A conceptual methodology to assist employees and employers design new ways of working in lean manufacturing
thesisposted on 20.12.2010 by Avinash Jhugroo
In order to distinguish essays and pre-prints from academic theses, we have a separate category. These are often much longer text based documents than a paper.
The opportunity to create more fulfilling and effective work in lean manufacturing is considerable, but so are the dangers of reducing its quality. Lean organisations are introducing new measures involving changes to people's jobs. However, the complex nature of work organisation in lean production enviromnents are contributing to work related injuries in particular Repetitive Strain Injuries (RSI). Previous research has evaluated work organisation changes in the workplace by aligning work practices within business operations rather than considering the working situation from the workers perspective. The issues of work related injuries in lean production environments lack a coherent theoretical framework. This research work in lean production environments, has addressed certain issues however doubt and scepticism from the perspective of a range of disciplines, have emerged from the literature. In this research the possibility of identifying the levels of RSI risk has been through the development of the Lean Job Position Model. The proposal of this model has been to add and contribute to the aspects of work organisation in the lean production literature, not been previously considered. The model was applied in a lean manufacturing environment using direct observations semi-structured interviews, and a questionnaire in an action research content. The testing of the Lean Job Position Model showed that the use of Situational Strength as a strategic management method showed the key relationships that assisted the process of identifying the level of RSI risk in a lean manufacturing setting.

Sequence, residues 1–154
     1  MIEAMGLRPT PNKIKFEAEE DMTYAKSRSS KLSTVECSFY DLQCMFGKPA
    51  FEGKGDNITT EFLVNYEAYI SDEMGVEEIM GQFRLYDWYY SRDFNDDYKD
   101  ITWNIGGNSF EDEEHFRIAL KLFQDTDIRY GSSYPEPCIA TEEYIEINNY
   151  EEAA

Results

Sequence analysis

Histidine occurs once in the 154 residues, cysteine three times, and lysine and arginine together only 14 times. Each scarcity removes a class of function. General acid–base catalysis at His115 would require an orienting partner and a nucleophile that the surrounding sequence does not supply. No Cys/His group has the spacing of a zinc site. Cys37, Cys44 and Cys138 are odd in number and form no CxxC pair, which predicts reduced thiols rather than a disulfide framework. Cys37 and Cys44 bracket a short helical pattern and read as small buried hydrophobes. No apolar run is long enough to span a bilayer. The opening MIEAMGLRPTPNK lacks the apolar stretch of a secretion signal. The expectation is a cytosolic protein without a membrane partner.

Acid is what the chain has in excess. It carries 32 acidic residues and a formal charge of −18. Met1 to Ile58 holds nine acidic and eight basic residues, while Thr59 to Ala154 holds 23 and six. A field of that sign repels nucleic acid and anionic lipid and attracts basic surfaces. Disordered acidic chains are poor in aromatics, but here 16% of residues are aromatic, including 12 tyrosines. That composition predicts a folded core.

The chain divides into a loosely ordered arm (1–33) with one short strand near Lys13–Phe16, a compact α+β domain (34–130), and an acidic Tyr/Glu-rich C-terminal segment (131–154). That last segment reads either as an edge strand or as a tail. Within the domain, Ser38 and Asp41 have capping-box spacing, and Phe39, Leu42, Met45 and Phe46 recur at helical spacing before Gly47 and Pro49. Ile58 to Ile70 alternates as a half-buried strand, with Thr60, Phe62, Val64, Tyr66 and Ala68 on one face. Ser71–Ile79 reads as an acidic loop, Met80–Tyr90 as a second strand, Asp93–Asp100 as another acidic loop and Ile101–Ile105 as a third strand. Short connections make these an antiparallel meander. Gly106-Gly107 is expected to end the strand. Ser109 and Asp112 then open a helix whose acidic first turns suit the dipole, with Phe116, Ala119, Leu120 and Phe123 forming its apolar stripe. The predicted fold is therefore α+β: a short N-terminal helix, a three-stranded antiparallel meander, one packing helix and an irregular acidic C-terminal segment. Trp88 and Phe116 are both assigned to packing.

- Mechanical, Electrical and Manufacturing Engineering